So, other than potential differences in sound that haven’t been verified in controlled listening, what else could change inside of an amp over 100 hours that doesn’t happen in the first? Not a whole lot, it seems, upon more careful consideration. Some notable amp designers told me to never worry about breaking in an amp or most electronic components, as that is just audiophile voodoo designed to avoid reactionary audiophile retail returns.
Just as I wouldn’t redline my Mercedes on my street just after pulling out of the garage, though, I wouldn’t likely hammer my new Pass Labs XA25 Class A power amp within seconds of turning it on. I will show my system (and perhaps my ears) a little respect in the first few minutes of listening. With that said, you won’t see me go out buying upgraded AC power cords or audiophile interconnect “burners,” because that’s not a thing, even though there are companies who will try to sell them to you. Beware of these snake-oil salesman. They also sell thousands of dollars of Mpingo discs, CD Stoplight pens, as well as those little sawhorses that you can “decouple” your speaker cables from the floor and its high noise floor. I wish I was making this stuff up but, sadly, I am not.
Is Speaker Break-In More Legit?
Speakers, of course, are not electronics. They are transducers, and the surrounds of a traditional dynamic speaker driver are normally made of some sort of rubber-like material and can come nice and taught from the manufacturer. Does it help do run a few hours of signal through your speakers to loosen them up and get them ready to play? It depends on who you ask, and I asked a lot of very knowledgeable people both on and off the record.
One ex-Harman speaker executive suggested that speaker break-in is absolutely not a factor in a well-designed dynamic speaker. This has been confirmed in measurements and listening panels. The net/net of things is that good speakers are going to sound good out of the box with or without break-in. Placement, acoustical treatments, moving furniture around – all of these factors can make really significant sonic differences. A far greater differences than any amount of break-in. Running Dark Side of the Moon (or even sweeping test tones) at a modest 40 dB for a few spins through your new transducers is likely not going to change much that you can hear or measure.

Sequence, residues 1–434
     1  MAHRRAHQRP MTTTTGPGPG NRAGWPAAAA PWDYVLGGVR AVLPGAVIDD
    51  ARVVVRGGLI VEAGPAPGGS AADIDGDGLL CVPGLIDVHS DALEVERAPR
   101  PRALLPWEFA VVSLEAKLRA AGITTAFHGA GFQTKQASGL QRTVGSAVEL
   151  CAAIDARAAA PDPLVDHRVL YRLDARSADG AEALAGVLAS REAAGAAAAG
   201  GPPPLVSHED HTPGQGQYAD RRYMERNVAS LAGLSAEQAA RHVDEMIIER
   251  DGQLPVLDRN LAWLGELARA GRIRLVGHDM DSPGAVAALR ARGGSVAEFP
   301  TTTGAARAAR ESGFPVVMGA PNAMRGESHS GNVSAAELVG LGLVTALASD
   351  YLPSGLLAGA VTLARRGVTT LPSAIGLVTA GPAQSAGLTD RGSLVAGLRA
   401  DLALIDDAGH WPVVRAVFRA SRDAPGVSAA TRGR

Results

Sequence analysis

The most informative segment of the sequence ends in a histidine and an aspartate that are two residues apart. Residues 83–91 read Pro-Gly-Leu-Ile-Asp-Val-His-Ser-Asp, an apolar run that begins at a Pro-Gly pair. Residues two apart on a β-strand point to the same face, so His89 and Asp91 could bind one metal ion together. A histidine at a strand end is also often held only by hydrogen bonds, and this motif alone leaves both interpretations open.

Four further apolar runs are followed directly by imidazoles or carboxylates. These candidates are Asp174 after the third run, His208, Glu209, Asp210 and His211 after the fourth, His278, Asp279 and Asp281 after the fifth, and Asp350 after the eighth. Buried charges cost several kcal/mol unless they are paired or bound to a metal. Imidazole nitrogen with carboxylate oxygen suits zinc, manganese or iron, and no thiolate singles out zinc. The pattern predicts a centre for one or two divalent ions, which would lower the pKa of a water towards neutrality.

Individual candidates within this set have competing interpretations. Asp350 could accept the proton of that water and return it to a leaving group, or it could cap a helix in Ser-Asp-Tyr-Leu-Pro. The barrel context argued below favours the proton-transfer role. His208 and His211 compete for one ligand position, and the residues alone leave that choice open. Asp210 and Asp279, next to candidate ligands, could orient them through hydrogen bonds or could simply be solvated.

One of the best speaker marketers in the business, who owns many exotic speakers from brands that he didn’t design/market or own, suggests that in his experience that some speakers benefit from a dozen hours of break-in or so. He owned companies that sold some of the most successful dynamic speakers in audiophile history. Beyond his professional endeavors, his personal audiophile passion is for electrostatic and planar speakers and he likes them to have many hours on them before critically listening. I guess there is no harm to that, assuming that you have the time and willingness, but it shouldn’t be considered mandatory like when Ferrari tells you not to red-line your new prancing horse for the first 1,000 miles. I tend to listen to the Ferrari head tech more carefully than audiophiles for some reason.
A dear friend and former reviewer of mine has an exotic pair of planar speakers currently in for review for the publication he works for now. They have the large form factor of say Magnepans as they are almost eight feet tall. He didn’t like them at all when he first listened to them. He likes them better now. Is that because, like me with the headphones, that he is more comfortable with their sound, or is it that they broke-in? I am not sure there is a scientific answer.
Brass Tacks: Should You Worry About Break-in with Your Audiophile Speakers or Electronics?
The short answer is no.
You have enough to worry about elsewhere in your life. Audio is supposed to make you happy, not more anxious, insecure, and neurotic, no matter what the print magazines clinging to life would have you believe. Understand that every component tends to have its own sound and listening experience, and that is a very cool part of the audiophile journey. Even if you are testing a component from, say, Crutchfield, or you borrowed an amp from a local audiophile dealer, in a reasonably short period of time, you will have that component working at its best. Getting it really sing in your room is a whole other challenge, but you don’t need two weeks of running white noise to get there.
Enjoy your audio every time you sit down to your system. Enjoy the upgrade process, as the audiophile journey is a key part of the fun of the hobby. Upgrades come with a buzz. Embrace that without worry. This hobby is all about having fun and making your life better. You don’t need to impress anybody or follow outdated rules and/or antiquated traditions.
Where do you stand on break-in for audiophile components? We’d love to hear from you in the moderated comments below?